Years ago disgruntled from Surrey would write a letter to the editor; pedantic fool complain about spelling and punctuation; ‘expert’ in the subject pick on the minutiae in an academic paper. Same old, same old as these issues exist today, transported to electronic means of communication, but remain constant themes. The difference is in the relative speed of action and reaction, and the subsequent issues raised.
Related to this is the huge volume of messaging generated because, on the whole, it’s free. As a journalist I can easily receive 200 unsolicited emails, texts, Twitter and other messages, presentations and more. How to cope with this barrage? Let’s start with email as it’s the one most readers will be familiar with. I do not recommend blocking people. Utter indifference is the biggest insult, so simply never open or reply to them. Girls in my playground were adept at sending ones they didn’t like ‘to Coventry’; today I believe it’s called ‘blanking’ someone. Remember that Gmail offers the facility to have a ‘promotions’ folder to which you can route spam, junk, and then delete the lot in one fell swoop.
When using social media platforms, remember that every keystroke, layout, content and presentation reflects on you personally and professionally, and on your business – be it a corporation or a start-up. Therefore get into the habit of planning carefully, creating content that’s appropriate, walking away and coming back to make a very thorough edit – and only then press the send button.
At some point all of us should prepare to receive unpleasant messages – hate mail even. Again, plan ahead and think how you will deal with these. Always best not to lash out late at night – in fact I tend to stick to weekday business hours as otherwise one can seem unprofessional, disorganised or desperate. After a good 24-hour think, decide whether a reply is warranted at all; I know an editor who, based on this thinking, manages to save many hours of office time.
Length matters! Today’s attention span is close to that of a gnat. Research from blog.bufferapp.com says a Tweet should ideally be 100 characters; a Facebook post less than 40; a Google headline less than 60; a text headline should contain 6 words; a blog post around 7 minutes or 1000 words. They go into even more detail: the ideal width of a paragraph 40-55 characters and is key to reader comprehension. The appearance of simplicity is further enhanced by the height of the paragraph (roughly half its width). The use of contrasting fonts helps too, picking the lead paragraph (which should be a summary of what’s to come) out in a bolder font for clarity. MailChimp’s studies suggest subject lines of no more than 50 characters get the most open rates – always assuming the subject is of any interest at all.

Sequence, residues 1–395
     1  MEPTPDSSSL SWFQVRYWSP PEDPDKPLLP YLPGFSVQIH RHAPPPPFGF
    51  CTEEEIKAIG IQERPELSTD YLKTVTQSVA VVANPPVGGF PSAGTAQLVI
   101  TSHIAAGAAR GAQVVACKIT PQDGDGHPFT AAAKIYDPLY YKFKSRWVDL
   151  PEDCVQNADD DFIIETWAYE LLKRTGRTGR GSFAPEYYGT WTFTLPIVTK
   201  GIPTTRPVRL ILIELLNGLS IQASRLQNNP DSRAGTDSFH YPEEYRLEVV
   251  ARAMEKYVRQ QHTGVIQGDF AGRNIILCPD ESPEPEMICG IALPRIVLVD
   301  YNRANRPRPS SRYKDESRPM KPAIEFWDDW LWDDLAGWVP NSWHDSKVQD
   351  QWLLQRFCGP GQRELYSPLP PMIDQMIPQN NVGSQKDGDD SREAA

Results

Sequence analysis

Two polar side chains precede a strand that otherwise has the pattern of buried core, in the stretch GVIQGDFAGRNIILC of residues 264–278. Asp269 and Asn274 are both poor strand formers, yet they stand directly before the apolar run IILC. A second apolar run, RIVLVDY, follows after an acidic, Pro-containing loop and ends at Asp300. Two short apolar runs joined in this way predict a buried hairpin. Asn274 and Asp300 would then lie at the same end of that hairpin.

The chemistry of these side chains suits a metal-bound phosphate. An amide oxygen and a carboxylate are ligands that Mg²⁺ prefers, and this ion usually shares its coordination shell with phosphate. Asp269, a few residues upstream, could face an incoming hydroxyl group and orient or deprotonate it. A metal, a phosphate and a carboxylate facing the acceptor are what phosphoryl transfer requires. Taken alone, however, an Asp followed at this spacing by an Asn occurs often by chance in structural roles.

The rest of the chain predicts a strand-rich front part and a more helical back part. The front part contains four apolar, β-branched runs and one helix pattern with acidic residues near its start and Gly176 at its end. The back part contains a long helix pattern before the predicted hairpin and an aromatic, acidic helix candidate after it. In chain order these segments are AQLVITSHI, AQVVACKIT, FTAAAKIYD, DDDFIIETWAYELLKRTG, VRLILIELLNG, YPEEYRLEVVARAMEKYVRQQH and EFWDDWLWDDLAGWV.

Today we have to deal with video too, where background, lighting, and sound quality are as important as clothes, makeup and content. TED talk organisers found that 18 minutes is the best length and all speakers, no matter how lofty or lowly MUST comply. This is the same reason school lessons run for approximately 30 minutes (plus settling down time) to maximise attention spans.
When choosing a name for your business, Daily Blog Tips have found that it should be short, easy to remember, easy to spell, contains no hyphens or digits, end in .com, and is descriptive or brandable.
This blog is not comprehensive but is intended as a pointer for so many of us who today are working from home, setting up or running a small business, and sometimes feeling a little overwhelmed.